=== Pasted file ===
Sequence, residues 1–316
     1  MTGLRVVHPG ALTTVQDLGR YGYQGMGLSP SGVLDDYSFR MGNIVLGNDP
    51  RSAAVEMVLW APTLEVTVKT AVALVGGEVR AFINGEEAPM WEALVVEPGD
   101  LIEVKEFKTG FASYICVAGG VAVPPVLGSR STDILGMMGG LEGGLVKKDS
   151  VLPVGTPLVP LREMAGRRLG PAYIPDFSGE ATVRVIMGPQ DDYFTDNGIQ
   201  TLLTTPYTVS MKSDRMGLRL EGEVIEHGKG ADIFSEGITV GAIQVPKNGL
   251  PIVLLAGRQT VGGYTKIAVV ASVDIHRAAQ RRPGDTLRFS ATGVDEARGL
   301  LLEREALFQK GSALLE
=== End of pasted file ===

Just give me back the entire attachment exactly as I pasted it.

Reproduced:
Sequence, residues 1–316
     1  MTGLRVVHPG ALTTVQDLGR YGYQGMGLSP SGVLDDYSFR MGNIVLGNDP
    51  RSAAVEMVLW APTLEVTVKT AVALVGGEVR AFINGEEAPM WEALVVEPGD
   101  LIEVKEFKTG FASYICVAGG VAVPPVLGSR STDILGMMGG LEGGLVKKDS
   151  VLPVGTPLVP LREMAGRRLG PAYIPDFSGE ATVRVIMGPQ DDYFTDNGIQ
   201  TLLTTPYTVS MKSDRMGLRL EGEVIEHGKG ADIFSEGITV GAIQVPKNGL
   251  PIVLLAGRQT VGGYTKIAVV ASVDIHRAAQ RRPGDTLRFS ATGVDEARGL
   301  LLEREALFQK GSALLE